We are so over-solicited. Look at what you do every morning. I’m pretty sure it’s what I do every morning, which is to open my email inbox and as fast possible delete everything I possibly can, just clear it out of my world. I’m getting on average 147 emails a day, so are you. Getting through that mob and saying, “Oh, by the way, would you give us a gift?” That is tough.

Here’s the results. This is a great report. It comes out every year from M+R Benchmarking on digital. For every 1,000 emails, fundraising emails that are sent out, the organization raises $40. Wow, $40? Actually, it’s shrinking. That was then. This year, it’s $38 for every 1,000. I was in Tucson. I was speaking to a room full of fundraisers. We quickly estimate how many emails you sent out in the last 12 months. The highest number we had there was 96,000 emails in 12 months. What would that turn into? It turns into less than $4,000 in gifts.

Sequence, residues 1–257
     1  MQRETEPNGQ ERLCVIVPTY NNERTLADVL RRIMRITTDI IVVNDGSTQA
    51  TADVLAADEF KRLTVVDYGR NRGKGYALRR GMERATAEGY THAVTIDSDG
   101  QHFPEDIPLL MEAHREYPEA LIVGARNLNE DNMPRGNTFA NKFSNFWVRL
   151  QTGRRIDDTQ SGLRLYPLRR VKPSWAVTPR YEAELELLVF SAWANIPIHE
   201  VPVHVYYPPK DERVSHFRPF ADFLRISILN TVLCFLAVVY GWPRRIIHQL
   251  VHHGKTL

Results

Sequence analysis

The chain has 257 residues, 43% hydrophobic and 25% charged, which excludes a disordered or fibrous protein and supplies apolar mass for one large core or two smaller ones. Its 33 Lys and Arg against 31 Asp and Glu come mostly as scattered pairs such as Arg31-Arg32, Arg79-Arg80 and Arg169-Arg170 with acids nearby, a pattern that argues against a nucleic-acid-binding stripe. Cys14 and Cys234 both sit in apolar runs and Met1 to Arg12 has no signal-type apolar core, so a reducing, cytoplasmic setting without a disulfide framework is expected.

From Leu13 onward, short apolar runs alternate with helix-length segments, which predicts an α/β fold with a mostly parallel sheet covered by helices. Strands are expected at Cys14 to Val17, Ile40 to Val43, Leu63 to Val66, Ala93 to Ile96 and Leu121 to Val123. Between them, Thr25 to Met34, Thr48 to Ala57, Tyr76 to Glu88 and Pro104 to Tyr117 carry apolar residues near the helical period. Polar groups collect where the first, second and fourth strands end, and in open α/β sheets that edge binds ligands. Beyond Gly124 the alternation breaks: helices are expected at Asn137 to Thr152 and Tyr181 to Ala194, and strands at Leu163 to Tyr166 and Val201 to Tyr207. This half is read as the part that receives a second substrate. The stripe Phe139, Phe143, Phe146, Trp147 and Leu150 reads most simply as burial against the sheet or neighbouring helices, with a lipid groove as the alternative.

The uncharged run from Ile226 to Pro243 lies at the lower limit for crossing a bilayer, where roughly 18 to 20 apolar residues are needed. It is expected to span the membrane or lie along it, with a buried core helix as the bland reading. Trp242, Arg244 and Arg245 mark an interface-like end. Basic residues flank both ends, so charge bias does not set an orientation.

So, the volume of your email is just something to think about. This is math. At some level, it’s always going to be math. What is the correct math? The job of email, just like in direct mail, in direct mail, the direct of an envelope is not to protect the content. The job of an envelope is to get opened. In email, the job, number one, of your subject line is to get the darn thing opened. So, you need to be very, “Let’s try stuff.” If you have a 30% opening rate, they like hearing from you. If you have 15%, you’re not all that welcome and they’re just not expecting much from you.

So, here’s a list of subject lines that I opened relatively recently. Here on the top one, “NSFW: Sex Lives of the White-throated Sparrow.” I know, but I just wanted to know. Did they have a big wonderful sex life? I don’t know. Anyways, here’s Houston Grand Opera. They are making this offer. They’re going to take the story of your romance and turn it into an opera. They do a lot of commissioned work there at Houston Grand Opera, fabulous idea.